I absolutely appreciate your desire to be flexible, but let’s stretch this situation to the absurd, to see if it holds up… What would you do if you had a highly enthusiastic girl here? Or a highly enthusiastic three-year-old? Or a highly enthusiastic 14-year old? Well, you’d probably find a way to tell the first that Cub Scouts is for boys, and you’d probably tell the other two that Cub Scouts is for boys between the ages of 7, or 1st grade, and up to 11, or the end of 5th grade, or something like this. And, guess what…you’d be right! So, as much as you all would like to accommodate a five-year-old kindergartener, it’s important to remember that, beginning at Tiger, the 4-1/2 years of the Cub Scouting programs are all age- and grade-specific! So mom-and-son would be better served by just waiting a little bit! It’s just that simple. However, this doesn’t mean you can’t keep them in the loop by reaching out and inviting them to visit special events, like your B&G or Pinewood Derby, as “guests of the pack”!
Is there some kind of “Thank You” I can give the troop’s leaders at my son’s upcoming Eagle Scout court of honor? (Michelle Stevens)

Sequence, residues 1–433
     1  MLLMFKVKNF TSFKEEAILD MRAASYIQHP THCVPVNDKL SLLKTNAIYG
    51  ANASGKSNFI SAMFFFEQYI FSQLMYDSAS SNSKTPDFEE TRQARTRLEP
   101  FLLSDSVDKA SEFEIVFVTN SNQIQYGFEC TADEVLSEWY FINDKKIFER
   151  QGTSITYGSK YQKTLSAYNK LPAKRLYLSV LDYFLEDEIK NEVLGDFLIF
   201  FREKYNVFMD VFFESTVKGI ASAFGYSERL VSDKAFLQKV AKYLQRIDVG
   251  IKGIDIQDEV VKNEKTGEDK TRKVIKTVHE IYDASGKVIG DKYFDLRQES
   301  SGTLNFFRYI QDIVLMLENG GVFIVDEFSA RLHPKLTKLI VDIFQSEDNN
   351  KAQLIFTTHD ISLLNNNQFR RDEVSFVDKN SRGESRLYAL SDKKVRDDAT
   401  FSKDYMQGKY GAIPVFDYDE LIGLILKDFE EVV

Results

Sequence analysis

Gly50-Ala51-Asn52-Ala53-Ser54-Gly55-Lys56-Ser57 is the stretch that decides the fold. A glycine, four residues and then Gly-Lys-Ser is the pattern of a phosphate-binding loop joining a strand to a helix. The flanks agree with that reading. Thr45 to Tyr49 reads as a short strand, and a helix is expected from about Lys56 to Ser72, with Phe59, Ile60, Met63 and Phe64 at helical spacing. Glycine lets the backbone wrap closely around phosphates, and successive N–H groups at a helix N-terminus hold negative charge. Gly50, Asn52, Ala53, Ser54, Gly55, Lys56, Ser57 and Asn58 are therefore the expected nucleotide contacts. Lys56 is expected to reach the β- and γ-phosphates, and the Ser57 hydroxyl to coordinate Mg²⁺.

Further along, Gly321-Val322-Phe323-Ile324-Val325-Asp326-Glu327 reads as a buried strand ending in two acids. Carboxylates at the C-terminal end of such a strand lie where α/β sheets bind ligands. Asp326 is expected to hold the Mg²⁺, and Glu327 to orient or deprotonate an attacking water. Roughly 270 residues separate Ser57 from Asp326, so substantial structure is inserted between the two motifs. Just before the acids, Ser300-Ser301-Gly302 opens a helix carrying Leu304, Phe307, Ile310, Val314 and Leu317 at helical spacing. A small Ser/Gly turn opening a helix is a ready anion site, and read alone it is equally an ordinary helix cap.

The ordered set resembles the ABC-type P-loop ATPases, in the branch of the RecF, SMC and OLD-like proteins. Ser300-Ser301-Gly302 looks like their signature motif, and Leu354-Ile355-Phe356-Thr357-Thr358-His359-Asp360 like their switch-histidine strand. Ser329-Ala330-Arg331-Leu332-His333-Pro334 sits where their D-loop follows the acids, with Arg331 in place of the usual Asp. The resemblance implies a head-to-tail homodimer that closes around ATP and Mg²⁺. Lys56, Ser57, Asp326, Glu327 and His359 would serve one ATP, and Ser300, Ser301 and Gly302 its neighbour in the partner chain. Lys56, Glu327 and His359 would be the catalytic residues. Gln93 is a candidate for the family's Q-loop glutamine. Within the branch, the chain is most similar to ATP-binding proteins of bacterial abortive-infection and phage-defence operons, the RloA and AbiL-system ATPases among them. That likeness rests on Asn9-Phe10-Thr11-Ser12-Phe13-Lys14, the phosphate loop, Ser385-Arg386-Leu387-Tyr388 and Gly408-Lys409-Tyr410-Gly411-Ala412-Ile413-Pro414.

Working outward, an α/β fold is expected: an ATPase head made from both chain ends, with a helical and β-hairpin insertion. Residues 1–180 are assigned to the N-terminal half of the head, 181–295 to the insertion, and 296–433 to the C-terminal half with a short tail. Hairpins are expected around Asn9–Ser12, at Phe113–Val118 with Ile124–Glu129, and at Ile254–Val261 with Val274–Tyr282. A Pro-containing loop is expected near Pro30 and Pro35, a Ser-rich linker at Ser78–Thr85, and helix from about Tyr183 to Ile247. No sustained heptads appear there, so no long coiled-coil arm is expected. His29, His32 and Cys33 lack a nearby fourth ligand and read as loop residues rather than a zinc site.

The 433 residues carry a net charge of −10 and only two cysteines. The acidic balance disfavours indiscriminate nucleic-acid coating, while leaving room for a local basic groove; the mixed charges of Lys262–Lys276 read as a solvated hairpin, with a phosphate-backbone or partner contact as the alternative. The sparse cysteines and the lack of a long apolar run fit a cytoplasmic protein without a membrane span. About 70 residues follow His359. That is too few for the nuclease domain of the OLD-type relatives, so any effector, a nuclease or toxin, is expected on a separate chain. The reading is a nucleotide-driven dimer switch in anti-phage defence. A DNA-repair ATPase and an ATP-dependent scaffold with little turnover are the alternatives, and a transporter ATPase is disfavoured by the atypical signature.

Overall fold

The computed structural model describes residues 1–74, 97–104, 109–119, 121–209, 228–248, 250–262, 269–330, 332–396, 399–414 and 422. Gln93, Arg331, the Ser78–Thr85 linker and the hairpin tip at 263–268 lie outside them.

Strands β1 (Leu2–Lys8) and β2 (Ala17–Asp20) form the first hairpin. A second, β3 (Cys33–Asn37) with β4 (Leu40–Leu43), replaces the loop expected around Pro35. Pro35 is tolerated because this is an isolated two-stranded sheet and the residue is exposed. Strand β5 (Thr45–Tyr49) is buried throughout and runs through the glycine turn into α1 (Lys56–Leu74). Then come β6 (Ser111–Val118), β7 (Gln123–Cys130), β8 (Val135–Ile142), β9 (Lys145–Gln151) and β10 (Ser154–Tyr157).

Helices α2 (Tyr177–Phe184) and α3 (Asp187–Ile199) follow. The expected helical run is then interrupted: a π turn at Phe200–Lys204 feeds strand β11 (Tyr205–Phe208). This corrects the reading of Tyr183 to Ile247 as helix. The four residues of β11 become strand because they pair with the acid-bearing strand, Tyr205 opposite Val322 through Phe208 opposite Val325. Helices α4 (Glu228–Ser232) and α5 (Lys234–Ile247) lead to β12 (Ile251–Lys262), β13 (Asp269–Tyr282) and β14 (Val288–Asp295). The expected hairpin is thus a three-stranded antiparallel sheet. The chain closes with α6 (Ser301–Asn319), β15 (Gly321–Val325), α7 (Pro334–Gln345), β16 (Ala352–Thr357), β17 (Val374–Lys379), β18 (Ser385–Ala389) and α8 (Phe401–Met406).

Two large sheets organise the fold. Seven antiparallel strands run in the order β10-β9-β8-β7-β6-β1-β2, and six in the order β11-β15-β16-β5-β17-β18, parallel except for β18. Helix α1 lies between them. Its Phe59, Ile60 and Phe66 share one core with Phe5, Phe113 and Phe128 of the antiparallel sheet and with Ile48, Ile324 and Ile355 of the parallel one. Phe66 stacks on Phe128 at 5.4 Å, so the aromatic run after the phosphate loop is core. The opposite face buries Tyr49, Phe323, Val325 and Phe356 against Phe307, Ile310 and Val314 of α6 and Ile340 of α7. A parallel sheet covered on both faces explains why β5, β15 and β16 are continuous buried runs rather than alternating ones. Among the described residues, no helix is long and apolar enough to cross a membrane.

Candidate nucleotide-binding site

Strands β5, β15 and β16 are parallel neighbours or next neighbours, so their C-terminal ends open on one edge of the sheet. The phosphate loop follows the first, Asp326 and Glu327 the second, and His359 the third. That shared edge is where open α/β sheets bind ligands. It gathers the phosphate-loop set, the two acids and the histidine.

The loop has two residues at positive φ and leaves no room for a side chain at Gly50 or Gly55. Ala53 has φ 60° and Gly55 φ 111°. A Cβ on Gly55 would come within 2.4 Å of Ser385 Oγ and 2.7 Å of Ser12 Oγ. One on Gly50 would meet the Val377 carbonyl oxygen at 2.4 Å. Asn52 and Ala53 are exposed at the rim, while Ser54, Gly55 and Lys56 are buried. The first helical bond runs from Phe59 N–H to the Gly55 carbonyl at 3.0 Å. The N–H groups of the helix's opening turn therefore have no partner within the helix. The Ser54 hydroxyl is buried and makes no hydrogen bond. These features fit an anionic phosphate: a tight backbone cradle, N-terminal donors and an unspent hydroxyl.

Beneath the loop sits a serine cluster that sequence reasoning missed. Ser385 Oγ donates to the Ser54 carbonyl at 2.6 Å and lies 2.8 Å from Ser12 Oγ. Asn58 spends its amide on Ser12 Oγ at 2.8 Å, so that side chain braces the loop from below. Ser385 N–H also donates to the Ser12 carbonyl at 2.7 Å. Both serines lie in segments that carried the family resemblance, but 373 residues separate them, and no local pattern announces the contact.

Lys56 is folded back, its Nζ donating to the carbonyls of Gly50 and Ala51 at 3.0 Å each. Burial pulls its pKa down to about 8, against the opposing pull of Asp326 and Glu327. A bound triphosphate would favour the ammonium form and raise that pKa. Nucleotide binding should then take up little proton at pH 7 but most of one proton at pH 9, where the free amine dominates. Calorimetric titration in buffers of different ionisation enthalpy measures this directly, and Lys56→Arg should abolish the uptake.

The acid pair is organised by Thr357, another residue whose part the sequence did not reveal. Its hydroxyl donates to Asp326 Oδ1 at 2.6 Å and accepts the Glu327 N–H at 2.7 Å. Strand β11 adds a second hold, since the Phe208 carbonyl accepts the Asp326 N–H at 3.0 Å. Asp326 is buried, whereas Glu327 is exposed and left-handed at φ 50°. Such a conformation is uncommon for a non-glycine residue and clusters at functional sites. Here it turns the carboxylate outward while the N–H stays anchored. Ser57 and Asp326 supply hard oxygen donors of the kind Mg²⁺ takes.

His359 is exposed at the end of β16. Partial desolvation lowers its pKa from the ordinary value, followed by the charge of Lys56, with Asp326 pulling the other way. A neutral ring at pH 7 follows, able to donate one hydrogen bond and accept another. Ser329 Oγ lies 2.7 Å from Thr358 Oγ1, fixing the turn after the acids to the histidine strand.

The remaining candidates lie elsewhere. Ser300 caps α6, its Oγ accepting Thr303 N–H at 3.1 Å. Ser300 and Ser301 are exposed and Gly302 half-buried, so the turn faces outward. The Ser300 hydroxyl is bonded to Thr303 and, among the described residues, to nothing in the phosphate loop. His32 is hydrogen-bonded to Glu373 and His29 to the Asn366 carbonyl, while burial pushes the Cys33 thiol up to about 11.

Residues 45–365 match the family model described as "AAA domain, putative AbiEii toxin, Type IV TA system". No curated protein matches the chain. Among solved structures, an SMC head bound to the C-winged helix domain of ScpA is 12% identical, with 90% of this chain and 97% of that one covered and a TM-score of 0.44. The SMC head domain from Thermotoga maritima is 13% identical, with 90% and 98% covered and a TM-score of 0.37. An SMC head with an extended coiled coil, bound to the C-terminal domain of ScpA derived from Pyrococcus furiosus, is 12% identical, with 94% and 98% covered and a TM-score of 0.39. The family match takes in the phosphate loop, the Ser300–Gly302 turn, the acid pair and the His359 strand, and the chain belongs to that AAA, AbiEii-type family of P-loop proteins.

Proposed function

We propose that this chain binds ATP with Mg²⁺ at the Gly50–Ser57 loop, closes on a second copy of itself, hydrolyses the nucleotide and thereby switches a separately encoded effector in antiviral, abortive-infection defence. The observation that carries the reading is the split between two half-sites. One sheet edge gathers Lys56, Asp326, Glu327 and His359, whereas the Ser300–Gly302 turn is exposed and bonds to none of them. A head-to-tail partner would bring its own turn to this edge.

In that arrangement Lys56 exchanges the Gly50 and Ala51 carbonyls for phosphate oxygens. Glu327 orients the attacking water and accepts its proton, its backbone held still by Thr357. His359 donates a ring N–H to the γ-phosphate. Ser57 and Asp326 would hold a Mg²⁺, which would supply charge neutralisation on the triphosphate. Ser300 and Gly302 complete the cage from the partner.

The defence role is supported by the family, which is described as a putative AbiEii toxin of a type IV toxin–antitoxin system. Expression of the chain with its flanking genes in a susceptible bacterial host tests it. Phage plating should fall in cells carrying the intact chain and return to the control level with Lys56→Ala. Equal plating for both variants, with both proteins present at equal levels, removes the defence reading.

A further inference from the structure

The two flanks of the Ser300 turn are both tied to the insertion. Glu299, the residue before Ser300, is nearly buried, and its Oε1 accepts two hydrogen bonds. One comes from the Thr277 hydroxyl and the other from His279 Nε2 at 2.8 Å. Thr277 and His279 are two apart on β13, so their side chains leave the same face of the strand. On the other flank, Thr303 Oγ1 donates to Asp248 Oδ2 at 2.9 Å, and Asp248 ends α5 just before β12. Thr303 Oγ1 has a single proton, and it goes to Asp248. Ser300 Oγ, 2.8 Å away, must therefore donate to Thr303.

Hugs always work! As for something tangible, maybe this is more something for your son to do… He can give an Eagle Mentor pin to more than one person, if he likes, just so he doesn’t pass ’em out like M&Ms. He can also get a nice pack of Eagle-embossed note cards, and personally write a Thank You to important people who have supported him along the way—I can tell you for certain that a hand-written note from a Scout I’ve helped in some way raises my spirits and re-charges my Scouting batteries better than any corporate perk or bonus!
Congratulations, Eagle Mom! And congratulations to your Eagle Scout son!
We have a Scout who will be turning 18 about halfway through next year. Should he take a year-long (i.e., January 1 through December 31) leadership position? What’s the official word on turning 18 and holding a Boy Scout leadership position? He’s an Eagle Scout, so it’s not as if he “must” hold a leadership position, but he’d like to run for election as Senior Patrol Leader. (Bill Winker)